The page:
James writes, "Indeed we count them blessed who endure. You have heard of the perseverance of Job and seen the end intended by the Lord --- that the Lord is very compassionate and merciful" (James 5:11). To endure is not only to survive the ordeal, but to keep a right attitude throughout, and to exercise a calm faith, based upon the Word of God and the Lord Jesus Christ. The main point of the book of Job is surely to tell us that we are too small to second guess God in all the suffering we experience in life, but there is a second point we sometimes miss: Job's season of misery had an end point! How depressing it would be if Job's misery lasted all his life. If he was sick and poor and miserable for the next fifty years until his death, it would hardly be a book any of us would want to read. But instead we find Job's tribulations lasted only for a brief period, and then the favor and blessings of heaven returned – in double portion! For Job, as is so often the case, all that was required was that he should get up every morning, get through the day as best he could, maintain his faith, and go to bed every night. Do this enough times, and relief would come. How quickly God can remove our foes, when His purposes have been accomplished! With what blazing speed our trials can vanish once their expiration date has passed!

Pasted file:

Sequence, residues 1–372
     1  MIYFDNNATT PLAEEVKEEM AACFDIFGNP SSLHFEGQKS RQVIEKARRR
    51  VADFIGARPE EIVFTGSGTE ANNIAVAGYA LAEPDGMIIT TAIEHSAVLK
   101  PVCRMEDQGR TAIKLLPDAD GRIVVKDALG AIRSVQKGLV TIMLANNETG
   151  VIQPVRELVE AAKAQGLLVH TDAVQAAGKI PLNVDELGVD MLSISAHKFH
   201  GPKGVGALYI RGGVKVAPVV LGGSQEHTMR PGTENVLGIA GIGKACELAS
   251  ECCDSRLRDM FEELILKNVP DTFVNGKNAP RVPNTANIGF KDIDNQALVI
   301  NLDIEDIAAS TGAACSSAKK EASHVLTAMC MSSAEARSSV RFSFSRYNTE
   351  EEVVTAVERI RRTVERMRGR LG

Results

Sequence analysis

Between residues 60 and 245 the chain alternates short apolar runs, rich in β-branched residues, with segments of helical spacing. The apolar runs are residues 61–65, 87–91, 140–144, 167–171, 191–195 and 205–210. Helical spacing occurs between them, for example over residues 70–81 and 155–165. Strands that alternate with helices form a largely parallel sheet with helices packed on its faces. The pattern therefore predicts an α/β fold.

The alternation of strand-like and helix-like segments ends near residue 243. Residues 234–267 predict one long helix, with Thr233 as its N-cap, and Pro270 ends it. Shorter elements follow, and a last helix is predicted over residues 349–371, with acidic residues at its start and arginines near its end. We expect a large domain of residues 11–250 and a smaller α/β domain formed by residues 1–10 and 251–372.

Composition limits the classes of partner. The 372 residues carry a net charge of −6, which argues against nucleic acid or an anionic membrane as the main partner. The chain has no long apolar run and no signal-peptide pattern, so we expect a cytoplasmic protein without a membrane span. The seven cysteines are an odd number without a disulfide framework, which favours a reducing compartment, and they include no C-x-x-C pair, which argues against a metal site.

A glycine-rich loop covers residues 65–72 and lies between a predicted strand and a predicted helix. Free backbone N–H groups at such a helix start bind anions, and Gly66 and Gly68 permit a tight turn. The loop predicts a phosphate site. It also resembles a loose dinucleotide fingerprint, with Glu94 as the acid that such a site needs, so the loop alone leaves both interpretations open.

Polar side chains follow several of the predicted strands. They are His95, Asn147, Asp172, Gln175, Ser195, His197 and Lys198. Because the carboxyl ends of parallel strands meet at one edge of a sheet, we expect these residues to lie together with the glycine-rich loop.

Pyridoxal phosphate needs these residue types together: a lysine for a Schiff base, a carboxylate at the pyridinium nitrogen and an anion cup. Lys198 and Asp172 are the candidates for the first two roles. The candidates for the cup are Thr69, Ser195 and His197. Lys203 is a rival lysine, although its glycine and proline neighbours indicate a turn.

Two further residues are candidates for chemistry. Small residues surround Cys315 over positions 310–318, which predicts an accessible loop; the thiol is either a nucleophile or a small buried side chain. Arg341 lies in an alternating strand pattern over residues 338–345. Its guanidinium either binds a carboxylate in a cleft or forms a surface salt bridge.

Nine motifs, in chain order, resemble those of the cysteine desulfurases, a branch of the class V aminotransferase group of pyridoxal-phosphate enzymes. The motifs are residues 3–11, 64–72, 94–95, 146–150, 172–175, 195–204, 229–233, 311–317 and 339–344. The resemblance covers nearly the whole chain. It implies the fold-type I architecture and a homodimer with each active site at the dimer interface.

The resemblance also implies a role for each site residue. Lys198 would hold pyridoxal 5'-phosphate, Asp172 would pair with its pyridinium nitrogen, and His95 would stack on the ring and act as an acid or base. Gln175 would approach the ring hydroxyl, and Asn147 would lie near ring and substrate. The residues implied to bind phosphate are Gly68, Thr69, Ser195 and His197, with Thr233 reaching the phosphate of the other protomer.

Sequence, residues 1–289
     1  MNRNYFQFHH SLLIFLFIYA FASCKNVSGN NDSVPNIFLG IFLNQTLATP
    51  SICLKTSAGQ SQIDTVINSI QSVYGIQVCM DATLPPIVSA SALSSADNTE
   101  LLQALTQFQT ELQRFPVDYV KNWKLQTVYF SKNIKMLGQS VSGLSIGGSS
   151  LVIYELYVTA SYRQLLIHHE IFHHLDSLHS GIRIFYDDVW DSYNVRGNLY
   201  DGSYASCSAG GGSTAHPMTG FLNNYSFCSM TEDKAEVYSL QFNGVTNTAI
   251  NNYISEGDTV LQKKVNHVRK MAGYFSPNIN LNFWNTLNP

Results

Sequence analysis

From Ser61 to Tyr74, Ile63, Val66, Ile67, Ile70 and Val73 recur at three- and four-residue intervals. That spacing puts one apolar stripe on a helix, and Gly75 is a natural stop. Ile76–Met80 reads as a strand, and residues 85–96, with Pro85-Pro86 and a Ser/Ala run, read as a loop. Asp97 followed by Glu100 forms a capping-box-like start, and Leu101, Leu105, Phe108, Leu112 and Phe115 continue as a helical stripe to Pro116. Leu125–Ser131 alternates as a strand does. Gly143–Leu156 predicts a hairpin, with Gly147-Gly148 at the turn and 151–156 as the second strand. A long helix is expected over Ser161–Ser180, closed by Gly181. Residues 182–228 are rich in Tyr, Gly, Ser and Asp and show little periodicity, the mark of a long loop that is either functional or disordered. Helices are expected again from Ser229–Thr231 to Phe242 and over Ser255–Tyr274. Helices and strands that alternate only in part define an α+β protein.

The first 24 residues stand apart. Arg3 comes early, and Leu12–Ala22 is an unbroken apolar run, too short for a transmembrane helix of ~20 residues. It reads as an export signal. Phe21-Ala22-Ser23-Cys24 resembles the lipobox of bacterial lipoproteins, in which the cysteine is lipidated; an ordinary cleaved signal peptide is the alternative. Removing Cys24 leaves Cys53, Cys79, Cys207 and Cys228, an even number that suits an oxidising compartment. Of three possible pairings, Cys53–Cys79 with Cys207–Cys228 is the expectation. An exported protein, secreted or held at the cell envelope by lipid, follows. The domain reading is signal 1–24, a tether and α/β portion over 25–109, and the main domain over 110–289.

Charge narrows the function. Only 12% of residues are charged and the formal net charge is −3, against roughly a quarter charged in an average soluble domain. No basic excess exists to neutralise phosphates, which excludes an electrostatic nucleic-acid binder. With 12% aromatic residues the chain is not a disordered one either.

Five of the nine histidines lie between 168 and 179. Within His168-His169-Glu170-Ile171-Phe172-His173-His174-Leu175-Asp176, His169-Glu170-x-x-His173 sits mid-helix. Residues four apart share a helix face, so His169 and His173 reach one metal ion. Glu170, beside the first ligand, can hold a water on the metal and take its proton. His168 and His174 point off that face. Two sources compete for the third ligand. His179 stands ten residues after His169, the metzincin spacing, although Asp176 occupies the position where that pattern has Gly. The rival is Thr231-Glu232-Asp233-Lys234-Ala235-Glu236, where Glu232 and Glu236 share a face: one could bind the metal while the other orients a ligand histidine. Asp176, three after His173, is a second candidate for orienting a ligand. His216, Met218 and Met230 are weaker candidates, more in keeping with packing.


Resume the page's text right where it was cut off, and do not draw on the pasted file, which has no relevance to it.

The lesson here is simple, but it is powerful: if you cannot defeat your foes in a single day, you can outlast them and outlive them as you abide in Jesus and confess His great victory for you through His cross and resurrection. As it says in Hebrews: "For you have need of endurance, so that after you have done the will of God, you may receive the promise" (Hebrews 10:36).

For a full listing of all devos (written and audio) go to our Devos Catalog Page.